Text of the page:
G3TXF : CQWW RTTY : 40m SOSB (A) : Sep 20

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Sun setting to the West behind the mast Two 40m wire dipoles each with a balun Trailer supporting 40m wire dipoles

The antenna used for the 40m Single Band (Assisted) entry in the CQWW RTTY Contest was a pair of wire dipoles at right angles to each other at about 80ft (25m) above ground, each fed separately through baluns.

The rate graph shows that there were only two of the forty-eight hours in which zero QSOs were made. There were also a couple of hours where there were low numbers. Overall with a total of 1,437 net QSOs, the average QSO rate during the full 48 hours was just on 30 QSOs per hour. There was active operating during 44 out of the 48 hours.

Although N1MM was used for contest logging, the above images come from WinTest, where the graphics are generally better. The Cabrillo exported from N1MM was imported to WinTest. During the contest the GRITTY decoder was added to the MMTTY and 2Tone decoders already in place. The appalling conditions during the contest made decoding of weak and fluttery signals very difficult at times. Having all three decoders running in parallel really helped, particularly the last minute (during the contest) addition of GRITTY.

W 223   F 26
DL 220   SM 25
I 137   VE 24
UR 70   S5 19
SP 69   OE 18
PA 61   OH 16
RA 48   OM 16
G 47   ON 16
EA 43   PY 16
OK 42   YU 16

The table shows the number of stations worked in the "top twenty" countries. The only non-EU countries here are W (223), VE (24) and PY (16). Although there were 48 European Russians worked, there are only 8 Asiatic Russians.

European QSOs were 73.8%, followed by North America 18.7%, Asia 2.7%, South America 2.4%, Oceania 1.9% and Africa 0.6%. The relatively poor conditions would explain the proportionally higher number of EU QSOs.

G3TXF logged into the Contest Online ScoreBoard for the first time ever during this CQWW RTTY Contest.

The screenshot shows the four SOSB-40m-(A) entries that were logged in. As well as G3TXF there was HF9M, K9OM and PY4AZ. One immediate side-effect of logging into the Contest Online ScoreBoard was the competitive impact of seeing another station in the same category with a similar score.

Had HF9M not been on the ScoreBoard and had he not also been actively taking part in the contest, G3TXF probably would not have put in the number of hours that he did in order to try to build his own score!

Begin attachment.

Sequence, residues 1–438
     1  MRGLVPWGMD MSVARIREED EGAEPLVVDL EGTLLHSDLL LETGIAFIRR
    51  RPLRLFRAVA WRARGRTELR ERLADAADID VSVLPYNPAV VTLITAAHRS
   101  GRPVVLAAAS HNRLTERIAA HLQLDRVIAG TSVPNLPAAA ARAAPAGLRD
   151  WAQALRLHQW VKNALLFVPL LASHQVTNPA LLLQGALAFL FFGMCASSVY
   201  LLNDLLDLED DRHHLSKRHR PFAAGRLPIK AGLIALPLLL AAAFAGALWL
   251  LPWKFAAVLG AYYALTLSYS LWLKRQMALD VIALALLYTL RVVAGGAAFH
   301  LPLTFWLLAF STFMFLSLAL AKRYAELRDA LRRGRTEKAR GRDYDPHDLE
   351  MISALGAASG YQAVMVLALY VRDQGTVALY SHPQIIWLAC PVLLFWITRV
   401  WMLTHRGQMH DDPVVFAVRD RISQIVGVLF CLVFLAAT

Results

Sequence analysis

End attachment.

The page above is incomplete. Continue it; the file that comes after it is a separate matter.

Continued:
The competitive impact of the ScoreBoard will probably lead to increased competition and therefore bigger scores in various contests. Connecting into the Contest Online ScoreBoard from N1MM was remarkably simple.

In the category above "SO-40 HP (A)" in the screenshot there is the SO-80 QRP (A) category, which includes Ian G3WVG operating as M5A on 80m QRP. Although there are many hundreds of scores listed in the Contest Online ScoreBoard, you can adjust the view to show just those categories in which you are interested.

A few days before the CQWW RTTY Contest, we received a visit from Mike G3SED. Here Mike G3SED (l) and Nigel G3TXF (r) are seen correctly "social distancing" by means of an antenna element over 2m in length.

In the background is the trailer tower supporting the two 40m wire dipoles used during the CQWW RTTY Contest.

The CQWW RTTY Contest website has a searchable scores database going back to 2007.

The data for these entries by G3TXF have been extracted from that excellent source. CQWW also has similar searchable databases for CQWW CW and CQWW SSB. They are veritable treasure troves of interesting data.

Year Callsign Mode QSOs States/Prov Zones DXCC Score
2007 G3TXF SO HP 20M 1,195 49 29 90 494,424
2008 G3TXF SO HP 20M 1,549 56 31 96 739,869
2009 G3TXF SO HP ALL 1,148 66 73 212 900,666
2010 G3TXF SO HP 80M 315 13 12 55 51,920
2011 G3TXF SP HP ALL 1,146 131 84 236 1,231,230
2013 PJ4/G3TXF SO HP ALL 688 105 46 135 578,006
2016 G3TXF SA HP ALL 448 57 69 211 326,553
2017 G3TXF SO HP 40M 1,263 40 29 88 437,088
2018 G3TXF SA HP ALL 489 47 61 181 319,345
2019 G4S SA HP ALL 739 45 55 202 493,468
2020 G3TXF SA HP 40M 1,437 42 28 101 548,226

A further indicator that conditions were down this year, was that this year's score was not significantly ahead of the score made in 2017. However in 2017 the CQWW RTTY entry was UN-assisted and this year it was Assisted.

This photo shows a (near Equinox) sun setting over Lundy Island a few days before the CQWW RTTY Contest. Lundy Island is located 20 miles across the sea to the west of the G3TXF QTH.